Treasury secretary Henry Rotich has proposed the setting up of a new super agency that will prevent banks from exploiting consumers through unscrupulous practices, including the loading of excessive interest and charges on loans.
Mr Rotich, in a Draft Financial Markets Conduct Bill 2018 published last week, wants a Financial Markets Conduct Authority (FMCA) set up to, among other things, set the maximum rate of interest a lender can charge. Members of the agency’s board will include the Treasury Cabinet Secretary and the governor of the Central Bank of Kenya.
The Bill is proposing stiff penalties, including a fine of Sh5 million for first time offenders and Sh10 million for repeat offenders who charge a borrower a rate above what is prescribed by the FMCA — effectively meaning that a bank that overcharges a large number of customers could pay up to billions of shillings in penalties.
“A lender shall not charge or recover, or attempt to charge or recover from the borrower or a guarantor any amount on account of interest under the contract that exceeds the maximum rates as may be prescribed by the Authority from time to time,” the draft Bill says.
The Bill also bars the lenders from varying the interest charge agreed on in a credit contract during the life of a loan, unless it is due to changes in a reference rate such as the one set by the FMCA.
Banks are also required to issue borrowers a pre-contract statement indicating the interest rate, insurance charges, fees and commissions to be charged on a loan.
If passed into law, banks will be required to indicate the number and date of instalments for the loan, and the total amount the borrower will have paid in principal, charges and interest at the end of the loan period.
Failure to make the disclosures, will attract a fine of Sh10 million for first time offenders and Sh20 million for a repeat offender. Publication of the draft Bill, which has a heavy bend towards consumer protection, also sets the stage for the promised review of the rate cap law.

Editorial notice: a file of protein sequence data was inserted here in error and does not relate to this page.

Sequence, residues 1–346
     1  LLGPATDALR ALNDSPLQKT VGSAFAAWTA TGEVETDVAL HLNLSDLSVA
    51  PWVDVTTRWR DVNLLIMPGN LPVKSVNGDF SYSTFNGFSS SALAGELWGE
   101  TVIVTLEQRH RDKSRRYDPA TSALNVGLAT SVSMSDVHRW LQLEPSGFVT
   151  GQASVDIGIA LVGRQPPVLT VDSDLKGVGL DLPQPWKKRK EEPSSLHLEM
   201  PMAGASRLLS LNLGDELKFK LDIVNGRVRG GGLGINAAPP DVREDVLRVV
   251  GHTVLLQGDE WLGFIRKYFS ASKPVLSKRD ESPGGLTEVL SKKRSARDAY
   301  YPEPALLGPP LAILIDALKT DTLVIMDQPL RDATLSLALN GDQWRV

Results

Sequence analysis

While the Bill does not offer a repeal of the rate cap as contained in the Banking Act, it is in line with the promise Mr Rotich made last month on regulatory reforms for consumer protection ahead of planned removal of interest controls.
“It is not only an issue of cost of credit, but also that of consumer protection. We are putting forward a package of reforms to address the real cause of high cost of credit in Kenya and which leads to the elimination of the capping of rates,” Mr Rotich said on April 25.
Repealing the rate cap is likely to prove a delicate act given the political interest in the matter. The law was passed in 2016 with popular public support, and the omission of a direct repeal under the new Bill is an indicator that the Treasury could still be negotiating with lawmakers how to remove the cap.
Treasury director-general of budget, fiscal and economic affairs Geoffrey Mwau told Reuters last Thursday that plans were underway to enact a law that offers more flexible option on the rate cap.
While the CBK and the Treasury have been firm in their calls for the repeal of the rate capping law, they still have to convince a sceptical Parliament that such a move will not herald the return to the days when banks charged high rates.
The latest Bill is, however, silent on how the FMCA will be setting the maximum rate and the role of banking sector regulator CBK in the process —even though the CBK governor will sit on its board.
Before the rate cap — which is pegged on the Central Bank Rate (CBR) — came into effect, the CBK had in place the Kenya Banks Reference Rate (KBRR), which was used as the benchmark on which banks could load a premium when charging interest on customer loans.
The Bill also creates the office of a Financial Sector Ombudsman, expected to resolve “complaints by retail financial customers, financial product and service providers in relation to the provision of financial products and financial services to the retail financial customers”.